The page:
Dividends can be classified either as ordinary or qualified. Ordinary dividends are taxable as ordinary income (not capital gains), and qualified dividends that meet certain requirements are taxed at lower capital gain rates.
Dividends are considered qualified dividends if all of the following apply:
- The dividends were paid by a US corporation or a qualified foreign corporation.
- You meet a holding period requirement. The stock must have been held for greater than 60 days in the 121 days prior to the ex-dividend date.
- The dividends do not fall under any of the following categories:
- Capital gain distributions.
- Dividends paid on deposits with mutual savings banks, cooperative banks, credit unions, U.S. building and loan associations, U.S. savings and loan associations, federal savings and loan associations, and similar financial institutions. (Report these amounts as interest income.)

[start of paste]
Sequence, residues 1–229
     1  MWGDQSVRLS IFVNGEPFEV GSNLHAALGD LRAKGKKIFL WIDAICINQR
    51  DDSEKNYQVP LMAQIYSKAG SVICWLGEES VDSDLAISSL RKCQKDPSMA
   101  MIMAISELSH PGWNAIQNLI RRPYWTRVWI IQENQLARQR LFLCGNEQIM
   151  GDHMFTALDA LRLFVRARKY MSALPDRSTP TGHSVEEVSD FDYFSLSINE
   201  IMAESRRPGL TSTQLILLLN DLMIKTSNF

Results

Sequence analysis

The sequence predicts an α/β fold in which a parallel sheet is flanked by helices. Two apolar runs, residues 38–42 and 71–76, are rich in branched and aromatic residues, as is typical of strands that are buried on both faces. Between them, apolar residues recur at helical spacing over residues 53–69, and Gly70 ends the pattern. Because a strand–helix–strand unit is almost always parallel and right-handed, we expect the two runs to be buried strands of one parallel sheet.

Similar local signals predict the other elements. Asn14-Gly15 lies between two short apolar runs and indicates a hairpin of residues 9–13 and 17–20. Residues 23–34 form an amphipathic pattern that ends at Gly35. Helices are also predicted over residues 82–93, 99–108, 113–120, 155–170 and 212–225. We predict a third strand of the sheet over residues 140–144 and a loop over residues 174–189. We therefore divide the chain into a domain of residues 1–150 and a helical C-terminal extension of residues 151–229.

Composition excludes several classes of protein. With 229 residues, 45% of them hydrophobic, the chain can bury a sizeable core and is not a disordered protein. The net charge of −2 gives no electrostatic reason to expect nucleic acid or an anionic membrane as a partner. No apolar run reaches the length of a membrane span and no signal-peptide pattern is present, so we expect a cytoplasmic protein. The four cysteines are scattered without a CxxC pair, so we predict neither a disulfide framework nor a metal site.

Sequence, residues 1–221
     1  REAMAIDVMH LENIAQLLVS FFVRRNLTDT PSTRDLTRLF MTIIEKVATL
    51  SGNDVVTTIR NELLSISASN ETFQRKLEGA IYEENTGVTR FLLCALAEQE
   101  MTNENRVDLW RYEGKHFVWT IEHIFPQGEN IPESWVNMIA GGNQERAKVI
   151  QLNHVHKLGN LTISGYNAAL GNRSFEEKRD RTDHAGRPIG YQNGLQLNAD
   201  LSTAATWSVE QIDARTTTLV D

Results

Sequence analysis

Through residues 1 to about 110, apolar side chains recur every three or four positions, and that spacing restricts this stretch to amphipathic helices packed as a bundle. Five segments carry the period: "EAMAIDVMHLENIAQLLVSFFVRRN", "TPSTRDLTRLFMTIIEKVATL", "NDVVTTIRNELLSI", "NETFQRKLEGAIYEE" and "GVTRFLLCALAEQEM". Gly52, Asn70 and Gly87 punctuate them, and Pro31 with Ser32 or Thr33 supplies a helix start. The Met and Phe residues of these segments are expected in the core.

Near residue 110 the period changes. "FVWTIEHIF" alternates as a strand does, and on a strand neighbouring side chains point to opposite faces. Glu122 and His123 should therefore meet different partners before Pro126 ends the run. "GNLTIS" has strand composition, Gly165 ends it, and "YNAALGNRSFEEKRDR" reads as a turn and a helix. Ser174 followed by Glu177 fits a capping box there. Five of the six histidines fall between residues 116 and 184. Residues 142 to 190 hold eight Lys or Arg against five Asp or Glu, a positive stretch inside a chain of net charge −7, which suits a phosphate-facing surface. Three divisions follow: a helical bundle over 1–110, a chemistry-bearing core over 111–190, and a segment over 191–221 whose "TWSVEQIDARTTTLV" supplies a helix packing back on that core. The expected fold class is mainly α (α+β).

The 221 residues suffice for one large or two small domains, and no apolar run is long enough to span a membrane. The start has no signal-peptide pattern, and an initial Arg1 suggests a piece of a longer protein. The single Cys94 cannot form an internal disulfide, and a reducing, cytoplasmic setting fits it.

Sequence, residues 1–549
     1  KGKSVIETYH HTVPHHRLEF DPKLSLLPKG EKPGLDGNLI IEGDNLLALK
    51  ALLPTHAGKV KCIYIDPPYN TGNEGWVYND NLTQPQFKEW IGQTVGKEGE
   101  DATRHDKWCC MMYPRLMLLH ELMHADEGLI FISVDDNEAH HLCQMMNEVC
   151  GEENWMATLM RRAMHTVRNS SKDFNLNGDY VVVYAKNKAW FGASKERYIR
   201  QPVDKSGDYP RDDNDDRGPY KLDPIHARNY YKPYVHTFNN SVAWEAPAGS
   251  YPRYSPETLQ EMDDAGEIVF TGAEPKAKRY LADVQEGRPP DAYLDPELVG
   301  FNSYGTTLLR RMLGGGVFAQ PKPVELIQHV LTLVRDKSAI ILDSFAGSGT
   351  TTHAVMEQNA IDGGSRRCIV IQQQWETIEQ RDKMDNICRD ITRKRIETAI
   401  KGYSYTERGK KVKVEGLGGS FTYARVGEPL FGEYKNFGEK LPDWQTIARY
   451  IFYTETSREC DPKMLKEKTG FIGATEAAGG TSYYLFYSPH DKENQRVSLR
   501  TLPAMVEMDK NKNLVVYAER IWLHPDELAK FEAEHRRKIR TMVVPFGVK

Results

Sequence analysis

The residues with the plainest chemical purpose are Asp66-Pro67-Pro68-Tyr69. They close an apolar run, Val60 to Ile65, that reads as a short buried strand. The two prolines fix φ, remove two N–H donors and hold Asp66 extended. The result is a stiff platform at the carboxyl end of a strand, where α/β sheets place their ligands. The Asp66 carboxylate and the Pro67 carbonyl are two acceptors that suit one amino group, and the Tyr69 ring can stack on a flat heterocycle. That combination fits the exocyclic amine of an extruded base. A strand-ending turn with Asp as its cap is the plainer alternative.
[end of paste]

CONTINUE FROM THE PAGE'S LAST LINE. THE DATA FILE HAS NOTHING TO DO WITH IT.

- Dividends from a corporation that is a tax-exempt organization or farmer's cooperative during the corporation's tax year in which the dividends were paid or during the corporation's previous tax year.
- Dividends paid by a corporation on employer securities held on the date of record by an employee stock ownership plan (ESOP) maintained by that corporation.
- Dividends on any share of stock to the extent you are obligated (whether under a short sale or otherwise) to make related payments for positions in substantially similar or related property.
- Payments in lieu of dividends, but only if you know or have reason to know the
- payments are not qualified dividends.
- Payments shown on Form 1099-DIV, box 1b, from a foreign corporation to the extent you know or have reason to know the payments are not qualified dividends.